Those conversations need to happen, though. They need to happen because there continue to be stark racial disparities in the United States, and they should not be ignored. The racial disparities in everything from incarceration rates[10] to educational attainment,[11] from health care coverage[12] to deaths from gun violence,[13] are so great that we would be doing an injustice to ourselves and others if we were to just try to sweep such disparities under the rug. One can debate when to have these conversations with schoolkids, and how to have them, but we would not be truthful as a country about our current disparities if we never had those conversations anywhere.


[1] https://www.npr.org/transcripts/1012696188

[2] https://www.newyorker.com/news/annals-of-inquiry/how-a-conservative-activist-invented-the-conflict-over-critical-race-theory

[3] Ibid.

[4] https://www.npr.org/transcripts/1012696188

[5] https://time.com/6075193/critical-race-theory-debate/

[6] https://apnews.com/article/what-is-critical-race-theory-08f5d0a0489c7d6eab7d9a238365d2c1

[7] A Reuters/Ipsos poll found that 22% of respondents who said they were familiar with CRT (and most poll respondents said they weren’t familiar with CRT) believed that it is taught in most public high schools: https://www.reuters.com/world/us/many-americans-embrace-falsehoods-about-critical-race-theory-2021-07-15/

[8] https://www.nbcnews.com/news/us-news/teaching-critical-race-theory-isn-t-happening-classrooms-teachers-say-n1272945

[9] https://www.bbc.com/news/world-us-canada-57908808

[10] https://www.usnews.com/news/best-states/articles/2021-10-13/report-highlights-staggering-racial-disparities-in-us-incarceration-rates

[11] https://nces.ed.gov/programs/raceindicators/indicator_rfa.asp

[12] https://www.kff.org/racial-equity-and-health-policy/issue-brief/health-coverage-by-race-and-ethnicity/

[13] https://www.kff.org/other/state-indicator/firearms-death-rate-by-raceethnicity/?currentTimeframe=0&sortModel=%7B%22colId%22:%22Location%22,%22sort%22:%22asc%22%7D

7 Replies to “What Is…Critical Race Theory? (Part Two)”

  1. I hadn’t heard of Christopher Rufo, but I wonder if the trainings he was reacting to were led by Robin DiAngelo. Now that I think of it, the anti-CRT talk that I’ve heard sounds like they could be speaking about her ideas in White Fragility.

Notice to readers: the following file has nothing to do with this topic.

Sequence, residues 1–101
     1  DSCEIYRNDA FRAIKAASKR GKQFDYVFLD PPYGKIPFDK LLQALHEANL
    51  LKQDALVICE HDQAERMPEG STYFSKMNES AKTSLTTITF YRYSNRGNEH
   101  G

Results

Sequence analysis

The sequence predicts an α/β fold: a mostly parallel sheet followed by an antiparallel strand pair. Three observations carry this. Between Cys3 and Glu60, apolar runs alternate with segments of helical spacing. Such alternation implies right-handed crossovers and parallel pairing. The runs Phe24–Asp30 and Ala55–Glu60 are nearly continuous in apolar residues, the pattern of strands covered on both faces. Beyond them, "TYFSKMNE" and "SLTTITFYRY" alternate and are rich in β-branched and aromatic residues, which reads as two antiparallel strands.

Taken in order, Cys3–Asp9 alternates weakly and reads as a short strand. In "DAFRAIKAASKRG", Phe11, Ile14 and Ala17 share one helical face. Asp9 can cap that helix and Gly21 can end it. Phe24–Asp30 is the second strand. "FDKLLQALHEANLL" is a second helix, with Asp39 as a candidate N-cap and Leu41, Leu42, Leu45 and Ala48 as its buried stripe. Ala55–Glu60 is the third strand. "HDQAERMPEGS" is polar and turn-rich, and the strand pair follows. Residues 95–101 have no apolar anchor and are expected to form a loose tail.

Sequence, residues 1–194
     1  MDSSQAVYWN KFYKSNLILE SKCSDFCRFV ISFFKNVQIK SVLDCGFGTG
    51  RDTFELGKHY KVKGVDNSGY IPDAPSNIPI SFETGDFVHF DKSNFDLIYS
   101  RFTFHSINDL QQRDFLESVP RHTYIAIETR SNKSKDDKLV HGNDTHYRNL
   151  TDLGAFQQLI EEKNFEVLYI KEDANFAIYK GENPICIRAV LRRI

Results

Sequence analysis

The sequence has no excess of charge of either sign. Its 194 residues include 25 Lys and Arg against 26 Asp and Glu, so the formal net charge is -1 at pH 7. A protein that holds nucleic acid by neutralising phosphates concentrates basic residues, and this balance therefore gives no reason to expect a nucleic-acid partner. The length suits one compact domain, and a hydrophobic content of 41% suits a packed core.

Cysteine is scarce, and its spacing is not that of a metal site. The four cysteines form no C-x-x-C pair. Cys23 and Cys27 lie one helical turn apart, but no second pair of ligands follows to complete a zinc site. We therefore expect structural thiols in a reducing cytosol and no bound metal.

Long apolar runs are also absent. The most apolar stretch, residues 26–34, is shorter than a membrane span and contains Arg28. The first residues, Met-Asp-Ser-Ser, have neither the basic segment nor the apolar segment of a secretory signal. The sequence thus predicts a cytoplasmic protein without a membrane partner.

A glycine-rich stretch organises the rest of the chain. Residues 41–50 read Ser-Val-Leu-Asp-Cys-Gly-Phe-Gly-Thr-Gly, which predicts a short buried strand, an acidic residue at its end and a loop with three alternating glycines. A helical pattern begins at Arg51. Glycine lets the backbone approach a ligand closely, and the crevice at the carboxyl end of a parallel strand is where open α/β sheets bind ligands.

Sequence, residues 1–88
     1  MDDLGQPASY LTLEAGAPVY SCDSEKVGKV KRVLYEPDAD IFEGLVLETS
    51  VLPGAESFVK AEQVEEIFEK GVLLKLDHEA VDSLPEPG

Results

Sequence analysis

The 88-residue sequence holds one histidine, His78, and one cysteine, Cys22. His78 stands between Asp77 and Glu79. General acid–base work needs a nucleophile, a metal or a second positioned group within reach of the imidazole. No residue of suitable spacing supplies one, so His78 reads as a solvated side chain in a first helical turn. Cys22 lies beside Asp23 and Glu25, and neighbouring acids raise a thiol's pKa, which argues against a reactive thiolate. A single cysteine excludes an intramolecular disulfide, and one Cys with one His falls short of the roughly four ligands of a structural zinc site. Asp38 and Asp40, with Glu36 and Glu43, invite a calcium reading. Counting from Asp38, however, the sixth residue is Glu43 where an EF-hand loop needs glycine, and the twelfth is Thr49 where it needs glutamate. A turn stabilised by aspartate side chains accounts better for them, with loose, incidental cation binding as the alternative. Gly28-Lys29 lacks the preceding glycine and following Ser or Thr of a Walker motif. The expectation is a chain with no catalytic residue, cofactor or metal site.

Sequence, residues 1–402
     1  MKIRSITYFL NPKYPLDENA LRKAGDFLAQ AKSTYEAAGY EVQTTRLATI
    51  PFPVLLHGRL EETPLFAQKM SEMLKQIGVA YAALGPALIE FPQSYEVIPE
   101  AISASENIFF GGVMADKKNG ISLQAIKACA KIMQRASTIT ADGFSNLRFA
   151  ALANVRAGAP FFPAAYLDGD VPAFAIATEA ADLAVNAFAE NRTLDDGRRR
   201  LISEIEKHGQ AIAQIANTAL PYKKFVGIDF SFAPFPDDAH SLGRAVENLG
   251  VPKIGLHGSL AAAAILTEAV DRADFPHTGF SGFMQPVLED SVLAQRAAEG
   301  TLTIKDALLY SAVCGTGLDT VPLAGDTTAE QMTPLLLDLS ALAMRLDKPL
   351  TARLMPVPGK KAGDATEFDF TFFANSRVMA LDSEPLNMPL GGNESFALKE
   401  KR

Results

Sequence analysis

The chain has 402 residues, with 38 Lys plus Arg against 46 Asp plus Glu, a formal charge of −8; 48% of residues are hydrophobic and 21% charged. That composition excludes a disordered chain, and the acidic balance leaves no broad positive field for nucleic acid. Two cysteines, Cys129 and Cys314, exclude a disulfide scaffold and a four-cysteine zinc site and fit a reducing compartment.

Liked by 5 people

  2. Thanks for sharing this information and your conclusions. I hadn’t heard about Rufo. His rise is a reminder of what a difference one person can make in effecting change, for good or for bad. It is my hope that my novel, The Twisted Circle, set in Guyana (1979-1980) about a conflict between a white American nun and a local black nun, can offer opportunities for meaningful conversations about racism and white privilege/fragility.

    Liked by 3 people

  3. CRT is a high level academic analysis of the legal, economic and political system. I taught Social Studies (US History, World History, Government, etc.) for over 30 years in NY. CRT has never been taught at that level and never can be because of the sophisticated analysis necessary.

    Those who oppose CRT have no idea what goes on in schools. What they are really opposed to is not CRT, it is something called “US History”. All of history, the good, the bad and the ugly. I know some states (like Texas) seek to control and sanitize the aspects of US history that refer to slavery and racial injustice. They seem to equate information with being “anti-American”.

    They seek to ignore the evidence that the US was built mainly by slave labor in the south and indentured servants (called “white slaves”) in the north. They want to instill in students the idea that the US was made by “great men”,rather than have students analyze and discuss the longstanding systems of inequality.

    In other words, because those who fear the truth want to destroy history, they attack an easy target. After all, any simpleton can accept that CRT must be bad, because it seeks to blame “white people”for everything. It is much easier to oppose a slogan that face evidence. It aims to push the button of racial hatred, always a winner in the US.

    Liked by 2 people

    1. Thanks for offering your former teacher’s perspective of this whole issue. Ironically, while thinking about K-12 education in writing Part Two of this piece, I actually thought of how certain states, such as Texas, try to control what’s taught about history in ways that some of the “ugly” yet important parts get minimized or left out. Personally, it’s stuff like that worries me.

      I also think that something you said towards the end of your comment–that it’s “much easier to oppose a slogan than face evidence”–is unfortunate but true.

      Liked by 2 people